Asko Nivala

Romantic Cartographies. Lived and Imagined Space in English and German Romantic Texts, 1790–1840

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Most texts are spatial implying a network of important places. This was especially typical of the Romantic era (1790–1840) that was characterised by the growing interest in historical and natural sites. My postdoctoral research project provides a new interpretation of English and German Romanticism by changing the focus from temporal to spatial. I analyse the spatiality of Romantic texts by reconstructing the various geographic maps they implied. My specific focus is on the tension between metropolises, small towns, countryside and historical sites. The project transcends the narrow focus on single Romantic author, analysing a big textual corpus digitally in addition to close reading.
 
My primary sources consist of a representative corpus of English and German Romantic texts including canonical works but also texts by women, minority and non-canonical authors. The most popular genres of Romanticism were novel and lyric poetry; but also essays, biographies, literary criticism, travelogues and historiography are included in the corpus. The metadata abstracted from correspondence is used to build another database to enable comparison between fictive and actual geographic maps of Romantic spatiality.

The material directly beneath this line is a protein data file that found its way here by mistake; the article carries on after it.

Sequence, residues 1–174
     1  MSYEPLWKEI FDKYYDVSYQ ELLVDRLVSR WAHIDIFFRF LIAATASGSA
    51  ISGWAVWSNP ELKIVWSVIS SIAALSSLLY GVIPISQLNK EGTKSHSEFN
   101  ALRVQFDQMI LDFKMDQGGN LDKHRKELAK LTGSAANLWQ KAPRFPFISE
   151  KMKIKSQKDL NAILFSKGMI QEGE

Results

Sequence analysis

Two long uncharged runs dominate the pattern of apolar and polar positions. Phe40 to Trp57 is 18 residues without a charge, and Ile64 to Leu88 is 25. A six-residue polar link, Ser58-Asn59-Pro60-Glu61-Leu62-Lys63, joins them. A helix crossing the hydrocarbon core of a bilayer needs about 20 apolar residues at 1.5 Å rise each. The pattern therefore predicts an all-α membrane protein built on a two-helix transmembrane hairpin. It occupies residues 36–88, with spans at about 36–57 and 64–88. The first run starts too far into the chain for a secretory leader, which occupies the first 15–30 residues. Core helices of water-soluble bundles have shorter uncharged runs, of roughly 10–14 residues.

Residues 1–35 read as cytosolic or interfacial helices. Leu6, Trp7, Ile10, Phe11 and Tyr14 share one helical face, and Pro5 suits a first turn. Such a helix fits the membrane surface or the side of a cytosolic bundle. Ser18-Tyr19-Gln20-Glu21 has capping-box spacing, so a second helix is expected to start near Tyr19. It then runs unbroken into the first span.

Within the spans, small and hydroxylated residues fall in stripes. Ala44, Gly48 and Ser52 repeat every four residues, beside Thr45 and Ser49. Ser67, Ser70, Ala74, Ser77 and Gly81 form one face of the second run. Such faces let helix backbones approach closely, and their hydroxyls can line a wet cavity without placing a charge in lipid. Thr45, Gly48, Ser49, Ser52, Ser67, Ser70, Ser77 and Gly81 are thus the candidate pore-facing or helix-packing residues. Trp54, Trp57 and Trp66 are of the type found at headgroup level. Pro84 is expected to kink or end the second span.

The project focuses thematically on the destabilisation of the centre-periphery distinction during the Romanticism and it has three main objectives. First, building a database of place names mentioned in the primary sources and visualise them on historical maps. I will apply existing geoparsing algorithms and also write a new Python programme called Strabo for this. The resulting database will be then published as an interactive website open for other scholars and general public. The
second objective is to develop a research methodology for classifying place names and embedding geographical locations with emotional and cognitive judgements. The aim of this objective is to avoid the reduction of the lived space to a Cartesian coordinate grid, typical of the spatial humanities projects. The third objective is using the spatial database as a heuristic device for finding the relevant text passages for close reading.
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